“I have a unique challenge for you should you choose to accept it.”
That was the message I received on Sunday night from our fearless leader. Ed Valentine reached out to me with a different sort of assignment. Over my time here at Big Blue View my focus has been on the offensive side of the football, and in particular the quarterback position. But this week, Ed was looking for something different. In the wake of comments from Pat Shurmur that the New York Giants made some “tweaks” on the defensive side of the ball, Ed wanted me to look at their defense and see if these changes were apparent on the film.
So here we go.
Let’s start by looking at some of the big plays that the Giants gave up in the passing game over the first three weeks of the season. As you’ll see, these plays were successful due to a few different reasons on the defensive side of the football: Technique, execution, and just plain good offensive design were the main culprits.
We can start in Week 1. On this second-and-8 play against the Dallas Cowboys, the Giants’ secondary tries to disguise their coverage, but they will end up rotating at the snap to a Cover 1 scheme:
The player to watch is rookie cornerback DeAndre Baker (27) at the top of the screen. He is in press alignment over wide receiver Michael Gallup (13), and Gallup runs a straight go route. Baker is in press alignment, but he hesitates at the start of the play and makes a late attempt at a jam - or even to get a hand on Gallup - but fails in the attempt. Gallup gets a free release off the line of scrimmage and gets into his route immediately. Baker does force him to the outside, but with Gallup into a full sprint right after the snap, the WR is able to get enough separation on his vertical:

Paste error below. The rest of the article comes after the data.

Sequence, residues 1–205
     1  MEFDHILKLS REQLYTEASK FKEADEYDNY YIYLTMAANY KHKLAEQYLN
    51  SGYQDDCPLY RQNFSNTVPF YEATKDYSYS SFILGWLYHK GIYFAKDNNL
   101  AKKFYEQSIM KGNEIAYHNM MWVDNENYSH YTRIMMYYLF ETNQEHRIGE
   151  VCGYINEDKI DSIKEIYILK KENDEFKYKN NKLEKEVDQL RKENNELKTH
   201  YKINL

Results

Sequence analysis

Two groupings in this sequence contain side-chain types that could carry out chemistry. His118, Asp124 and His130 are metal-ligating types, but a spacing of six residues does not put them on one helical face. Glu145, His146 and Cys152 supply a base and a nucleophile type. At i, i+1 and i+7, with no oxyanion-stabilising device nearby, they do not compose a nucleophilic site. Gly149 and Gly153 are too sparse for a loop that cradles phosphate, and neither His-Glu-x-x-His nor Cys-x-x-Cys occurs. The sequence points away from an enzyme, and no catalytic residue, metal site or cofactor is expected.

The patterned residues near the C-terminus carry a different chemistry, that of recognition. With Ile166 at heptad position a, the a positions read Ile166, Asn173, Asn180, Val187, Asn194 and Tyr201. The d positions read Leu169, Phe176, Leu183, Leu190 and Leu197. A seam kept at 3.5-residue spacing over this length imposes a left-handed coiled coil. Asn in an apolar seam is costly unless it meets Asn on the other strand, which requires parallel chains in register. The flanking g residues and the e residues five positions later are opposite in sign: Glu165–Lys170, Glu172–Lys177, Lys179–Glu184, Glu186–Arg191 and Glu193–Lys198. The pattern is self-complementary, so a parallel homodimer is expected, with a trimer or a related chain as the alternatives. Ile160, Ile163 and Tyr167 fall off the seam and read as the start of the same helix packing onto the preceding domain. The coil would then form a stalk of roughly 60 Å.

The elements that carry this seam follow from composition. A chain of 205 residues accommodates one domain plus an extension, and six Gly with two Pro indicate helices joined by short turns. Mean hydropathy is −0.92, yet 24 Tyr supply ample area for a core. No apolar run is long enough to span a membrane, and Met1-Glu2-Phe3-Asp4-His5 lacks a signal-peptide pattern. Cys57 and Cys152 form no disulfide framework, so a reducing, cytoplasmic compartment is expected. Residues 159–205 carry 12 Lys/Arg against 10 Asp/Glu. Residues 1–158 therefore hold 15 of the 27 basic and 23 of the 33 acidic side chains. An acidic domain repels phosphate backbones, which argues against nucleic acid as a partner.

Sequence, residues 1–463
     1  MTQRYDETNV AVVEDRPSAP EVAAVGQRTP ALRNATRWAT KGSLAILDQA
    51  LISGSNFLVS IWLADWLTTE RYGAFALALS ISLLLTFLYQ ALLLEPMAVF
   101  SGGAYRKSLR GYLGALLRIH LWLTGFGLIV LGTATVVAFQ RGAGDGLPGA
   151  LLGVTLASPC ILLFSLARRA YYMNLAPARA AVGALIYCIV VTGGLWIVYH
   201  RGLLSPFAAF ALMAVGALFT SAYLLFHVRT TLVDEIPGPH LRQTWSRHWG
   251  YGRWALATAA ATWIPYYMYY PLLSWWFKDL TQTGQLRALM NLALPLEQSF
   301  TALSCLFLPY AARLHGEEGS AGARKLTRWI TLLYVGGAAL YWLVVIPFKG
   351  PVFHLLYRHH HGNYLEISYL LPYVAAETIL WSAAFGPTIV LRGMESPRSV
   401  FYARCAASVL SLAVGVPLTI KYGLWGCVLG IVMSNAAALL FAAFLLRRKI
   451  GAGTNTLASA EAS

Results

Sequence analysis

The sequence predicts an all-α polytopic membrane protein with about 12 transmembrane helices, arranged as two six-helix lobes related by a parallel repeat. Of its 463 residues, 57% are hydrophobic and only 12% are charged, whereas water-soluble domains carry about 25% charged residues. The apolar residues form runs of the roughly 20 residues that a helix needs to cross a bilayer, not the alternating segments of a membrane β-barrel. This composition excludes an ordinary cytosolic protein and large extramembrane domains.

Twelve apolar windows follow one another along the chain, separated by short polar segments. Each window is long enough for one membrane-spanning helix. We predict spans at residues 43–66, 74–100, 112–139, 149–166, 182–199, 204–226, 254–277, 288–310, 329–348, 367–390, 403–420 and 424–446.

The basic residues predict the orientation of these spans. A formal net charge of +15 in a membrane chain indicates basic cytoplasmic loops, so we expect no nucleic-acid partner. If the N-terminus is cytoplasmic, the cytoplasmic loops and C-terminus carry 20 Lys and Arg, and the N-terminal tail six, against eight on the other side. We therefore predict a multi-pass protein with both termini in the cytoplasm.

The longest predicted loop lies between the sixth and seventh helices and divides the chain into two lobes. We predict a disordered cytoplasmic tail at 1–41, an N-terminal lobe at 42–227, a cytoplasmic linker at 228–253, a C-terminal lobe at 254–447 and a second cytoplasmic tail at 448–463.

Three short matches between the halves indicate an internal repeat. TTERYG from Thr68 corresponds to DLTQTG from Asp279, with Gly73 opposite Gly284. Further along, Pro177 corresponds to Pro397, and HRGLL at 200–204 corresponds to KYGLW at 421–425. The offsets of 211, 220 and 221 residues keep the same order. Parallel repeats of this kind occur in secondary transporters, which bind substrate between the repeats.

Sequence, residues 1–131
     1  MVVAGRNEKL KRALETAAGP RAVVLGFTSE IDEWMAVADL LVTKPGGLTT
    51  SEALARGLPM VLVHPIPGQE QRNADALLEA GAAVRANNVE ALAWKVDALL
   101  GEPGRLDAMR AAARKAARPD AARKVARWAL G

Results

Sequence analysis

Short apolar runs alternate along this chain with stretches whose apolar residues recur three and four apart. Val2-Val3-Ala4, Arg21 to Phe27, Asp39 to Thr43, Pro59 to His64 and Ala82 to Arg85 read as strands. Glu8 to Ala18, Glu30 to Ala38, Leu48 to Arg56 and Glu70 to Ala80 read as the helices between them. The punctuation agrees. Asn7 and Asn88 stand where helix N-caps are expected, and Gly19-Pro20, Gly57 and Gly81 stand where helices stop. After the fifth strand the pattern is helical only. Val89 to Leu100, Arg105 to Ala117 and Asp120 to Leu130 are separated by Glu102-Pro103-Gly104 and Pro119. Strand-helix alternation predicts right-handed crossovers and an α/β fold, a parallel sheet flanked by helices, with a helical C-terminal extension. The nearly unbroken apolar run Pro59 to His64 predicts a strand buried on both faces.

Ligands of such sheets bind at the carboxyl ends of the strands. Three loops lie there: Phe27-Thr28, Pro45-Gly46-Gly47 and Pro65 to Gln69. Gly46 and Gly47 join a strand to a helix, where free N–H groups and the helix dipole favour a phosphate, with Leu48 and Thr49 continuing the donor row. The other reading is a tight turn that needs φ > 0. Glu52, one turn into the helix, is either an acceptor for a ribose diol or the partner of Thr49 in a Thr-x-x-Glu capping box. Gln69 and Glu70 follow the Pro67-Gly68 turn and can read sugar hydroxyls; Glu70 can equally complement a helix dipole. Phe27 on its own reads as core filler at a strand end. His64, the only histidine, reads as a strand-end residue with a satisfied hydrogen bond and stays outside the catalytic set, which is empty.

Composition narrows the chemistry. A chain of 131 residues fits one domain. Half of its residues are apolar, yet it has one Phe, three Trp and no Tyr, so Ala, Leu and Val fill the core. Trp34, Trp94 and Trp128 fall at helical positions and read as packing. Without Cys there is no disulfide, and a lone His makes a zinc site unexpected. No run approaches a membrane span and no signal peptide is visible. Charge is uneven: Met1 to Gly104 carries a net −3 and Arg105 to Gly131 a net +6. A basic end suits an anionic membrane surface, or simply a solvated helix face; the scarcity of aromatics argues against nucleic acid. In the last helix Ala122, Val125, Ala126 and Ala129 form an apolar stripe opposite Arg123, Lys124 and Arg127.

Dak Prescott (4) drops in a perfect throw with touch, and the Cowboys have a huge gain.
Here is another example of Baker aligned in press positioning, but failing to get a good jam at the line of scrimmage:
On this play the Giants are again in a Cover 1 scheme, and Baker is matched up against Amari Cooper (19) at the top of the screen. Baker sets up with inside leverage, looking to force Cooper towards the boundary and his “help,” which is the form of the sideline. Off the line, Baker again waits to jam Cooper, or to even get a hand on the WR. Cooper employs a jab step to the inside, and even with the inside leverage advantage Baker reacts to that movement, starting to turn to the inside. That gives Cooper the advantage he needs, and he cuts to the boundary and gets vertical on a go route. The rookie DB tries to recover, but again he cannot maintain contact and misses on a jam attempt late in the release. Cooper gets up to speed, and Prescott drops in a touchdown toss.
What is interesting about these two plays is that coming out of the University of Georgia, press technique was considered a strength of Baker’s. Looking at scouting reports on him from both Joe Marino and Kyle Crabbs of The Draft Network, two of the best evaluators in the business, you will see that both highlight Baker’s press ability. According to Marino, Baker “[e]xcels at lining up on top of receivers and disrupting in the contact window. Hands are active and his base is balanced while perfectly blending patience and aggression.” Marino continued to highlight his press coverage as his best trait. As Crabbs described him, the Georgia CB “projects favorably as a press man corner in the NFL. If allowed to play within the contact window and disrupt route releases, Baker can be an impact starter from the get go.”